Apple News loses its director of monetization
Publishers hoping to make money off Apple News can’t be cheered by this: David Kang, who became senior director of Apple News monetization and strategy in November 2016, is leaving after a year in the position.
It’s unclear why Kang is leaving the Apple News role, but it can’t be easy running monetization at a company that’s been notoriously indifferent, if not hostile, to advertising, given that it makes most of its money selling phones and prizes its users’ privacy.
Publishers have spoken highly of the publishing team at Apple News, which they say has sent them a lot of traffic and helped expose the publishers’ content to new audiences, given the news app comes installed on Apple mobile devices. But monetization is a big source of frustration for publishers, which once looked to Apple to be a counterweight to Facebook’s and Google’s dominance of digital advertising.
Apple has made moves to help publishers monetize their content through ads, enabling them to have comScore count their pageviews in the app and striking a deal with NBCUniversal to sell publishers’ ad inventory, but many publishers haven’t seen any revenue from the news aggregation app. Apple wouldn’t comment on the record for this story.
Kang, who originally joined Apple in 2014 from his role as chief revenue officer at Rolling Stone parent Wenner Media, is said to be moving into another role at Apple, and his position is expected to be filled. His departure is the latest in a string of exits by other higher-ups at Apple News in the past year, although some, like Kang, have apparently moved into other roles at Apple. In February, Donna Ogier, who oversaw media partnerships for Apple News, joined Snap to work on Snapchat’s Discover section. Other departures include Keith Moerer, who was managing director of publishing relations and editorial; David Bowers, who was head of business development; and Dana Lacey, who was in business development and partnerships.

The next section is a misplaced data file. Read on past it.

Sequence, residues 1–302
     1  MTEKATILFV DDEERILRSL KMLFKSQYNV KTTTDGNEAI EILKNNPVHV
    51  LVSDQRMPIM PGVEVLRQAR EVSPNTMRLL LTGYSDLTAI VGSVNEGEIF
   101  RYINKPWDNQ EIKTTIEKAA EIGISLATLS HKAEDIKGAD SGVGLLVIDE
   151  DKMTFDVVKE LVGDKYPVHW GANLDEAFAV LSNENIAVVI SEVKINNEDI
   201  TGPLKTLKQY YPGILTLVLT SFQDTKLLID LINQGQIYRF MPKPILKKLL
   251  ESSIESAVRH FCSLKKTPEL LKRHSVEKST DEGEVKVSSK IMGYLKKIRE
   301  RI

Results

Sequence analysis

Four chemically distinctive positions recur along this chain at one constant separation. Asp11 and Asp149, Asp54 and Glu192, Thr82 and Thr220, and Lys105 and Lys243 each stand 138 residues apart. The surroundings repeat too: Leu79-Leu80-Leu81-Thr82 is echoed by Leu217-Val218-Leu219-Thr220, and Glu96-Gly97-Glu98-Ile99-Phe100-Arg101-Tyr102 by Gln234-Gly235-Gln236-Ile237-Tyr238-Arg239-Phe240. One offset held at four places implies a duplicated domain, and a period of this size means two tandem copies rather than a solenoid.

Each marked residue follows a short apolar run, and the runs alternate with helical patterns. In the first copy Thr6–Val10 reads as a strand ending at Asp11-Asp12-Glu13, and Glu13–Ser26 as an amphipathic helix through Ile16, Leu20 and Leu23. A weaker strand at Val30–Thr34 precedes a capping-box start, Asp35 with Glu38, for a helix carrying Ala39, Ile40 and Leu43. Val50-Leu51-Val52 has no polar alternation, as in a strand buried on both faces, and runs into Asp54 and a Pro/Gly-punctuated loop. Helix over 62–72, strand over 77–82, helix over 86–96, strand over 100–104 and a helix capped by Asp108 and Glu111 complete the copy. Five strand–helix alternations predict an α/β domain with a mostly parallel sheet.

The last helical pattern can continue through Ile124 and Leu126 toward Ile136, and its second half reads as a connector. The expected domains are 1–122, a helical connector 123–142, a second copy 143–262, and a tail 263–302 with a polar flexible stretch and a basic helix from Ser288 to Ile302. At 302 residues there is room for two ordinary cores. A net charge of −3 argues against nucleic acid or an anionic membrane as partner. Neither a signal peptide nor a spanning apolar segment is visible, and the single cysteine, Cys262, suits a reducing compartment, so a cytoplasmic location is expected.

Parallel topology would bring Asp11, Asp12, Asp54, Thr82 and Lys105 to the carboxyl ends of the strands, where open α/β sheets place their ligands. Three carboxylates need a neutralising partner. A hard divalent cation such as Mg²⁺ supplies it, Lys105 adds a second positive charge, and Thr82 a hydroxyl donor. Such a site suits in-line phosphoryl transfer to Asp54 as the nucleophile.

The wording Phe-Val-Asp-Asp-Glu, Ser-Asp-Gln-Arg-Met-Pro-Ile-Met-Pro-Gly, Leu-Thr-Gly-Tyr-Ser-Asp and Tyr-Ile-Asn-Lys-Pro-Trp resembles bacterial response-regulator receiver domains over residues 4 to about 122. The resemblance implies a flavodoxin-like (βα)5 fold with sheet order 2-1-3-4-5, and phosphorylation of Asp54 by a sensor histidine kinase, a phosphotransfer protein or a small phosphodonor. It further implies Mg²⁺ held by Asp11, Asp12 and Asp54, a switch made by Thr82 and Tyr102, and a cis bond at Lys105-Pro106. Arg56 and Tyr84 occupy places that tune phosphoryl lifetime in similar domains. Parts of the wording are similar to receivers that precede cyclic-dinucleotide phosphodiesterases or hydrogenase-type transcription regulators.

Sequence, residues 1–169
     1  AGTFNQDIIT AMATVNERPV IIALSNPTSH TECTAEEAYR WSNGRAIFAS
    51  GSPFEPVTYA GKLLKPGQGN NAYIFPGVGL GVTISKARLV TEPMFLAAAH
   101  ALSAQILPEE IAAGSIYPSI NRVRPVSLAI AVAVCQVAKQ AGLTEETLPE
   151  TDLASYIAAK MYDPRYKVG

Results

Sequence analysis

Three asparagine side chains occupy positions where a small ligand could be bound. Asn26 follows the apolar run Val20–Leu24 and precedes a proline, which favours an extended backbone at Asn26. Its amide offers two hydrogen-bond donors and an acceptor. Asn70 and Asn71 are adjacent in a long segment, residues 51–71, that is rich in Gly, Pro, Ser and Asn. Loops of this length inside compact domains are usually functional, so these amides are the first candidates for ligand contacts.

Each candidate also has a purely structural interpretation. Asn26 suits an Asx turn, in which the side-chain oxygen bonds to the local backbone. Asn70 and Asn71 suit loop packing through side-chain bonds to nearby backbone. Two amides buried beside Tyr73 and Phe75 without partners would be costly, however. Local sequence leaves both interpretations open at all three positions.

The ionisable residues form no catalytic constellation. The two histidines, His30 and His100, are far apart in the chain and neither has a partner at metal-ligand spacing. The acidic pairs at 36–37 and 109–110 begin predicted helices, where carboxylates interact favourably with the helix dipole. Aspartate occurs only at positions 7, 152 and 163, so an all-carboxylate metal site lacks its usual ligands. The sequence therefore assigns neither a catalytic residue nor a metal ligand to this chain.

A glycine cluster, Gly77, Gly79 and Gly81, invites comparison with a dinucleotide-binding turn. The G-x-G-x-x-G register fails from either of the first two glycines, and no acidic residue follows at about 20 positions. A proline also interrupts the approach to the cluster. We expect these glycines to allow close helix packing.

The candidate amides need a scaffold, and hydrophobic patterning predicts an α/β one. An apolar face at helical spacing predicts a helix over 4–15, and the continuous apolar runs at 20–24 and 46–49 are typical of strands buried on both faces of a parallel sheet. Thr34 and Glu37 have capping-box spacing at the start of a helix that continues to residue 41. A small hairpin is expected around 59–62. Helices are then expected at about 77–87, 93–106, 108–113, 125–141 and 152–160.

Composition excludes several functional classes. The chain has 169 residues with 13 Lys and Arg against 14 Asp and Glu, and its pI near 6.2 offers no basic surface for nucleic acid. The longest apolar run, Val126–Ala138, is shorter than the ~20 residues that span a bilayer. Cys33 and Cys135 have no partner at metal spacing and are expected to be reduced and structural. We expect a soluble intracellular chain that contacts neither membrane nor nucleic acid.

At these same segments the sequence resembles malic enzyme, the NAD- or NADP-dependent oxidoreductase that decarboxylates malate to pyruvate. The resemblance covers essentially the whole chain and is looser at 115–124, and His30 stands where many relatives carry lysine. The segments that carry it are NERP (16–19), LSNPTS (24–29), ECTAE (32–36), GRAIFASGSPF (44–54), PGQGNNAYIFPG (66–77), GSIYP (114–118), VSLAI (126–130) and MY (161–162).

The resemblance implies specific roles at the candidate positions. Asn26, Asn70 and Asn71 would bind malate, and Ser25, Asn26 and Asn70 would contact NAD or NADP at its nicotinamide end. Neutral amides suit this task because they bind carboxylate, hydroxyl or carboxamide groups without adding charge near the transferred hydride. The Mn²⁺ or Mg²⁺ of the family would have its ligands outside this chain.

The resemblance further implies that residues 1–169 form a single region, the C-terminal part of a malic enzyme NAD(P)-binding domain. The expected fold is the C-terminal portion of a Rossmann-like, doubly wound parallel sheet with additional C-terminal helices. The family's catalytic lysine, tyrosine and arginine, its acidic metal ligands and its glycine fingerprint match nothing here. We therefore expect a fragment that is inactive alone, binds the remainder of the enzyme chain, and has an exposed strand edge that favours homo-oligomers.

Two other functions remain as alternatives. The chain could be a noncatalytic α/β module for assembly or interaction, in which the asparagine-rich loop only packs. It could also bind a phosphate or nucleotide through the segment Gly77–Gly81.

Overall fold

More in Media
Media Briefing: Publishers say a cookie-less future remains murky, overheard at the Digiday Publishing Summit
Publishers who attended the Digiday Publishing Summit opened up about their top challenges, concerns and curiosities during closed-door, anonymous town hall meetings.
Why Warner Bros. Discovery is leaning harder into YouTube and Threads to monetize and engage social audiences
WBD is seeing ad revenue growth from its YouTube channels and engagement on Threads surpass performance on X.
Powering all of Amazon’s hardware is an updated large language model, that could help connected devices actually be smarter.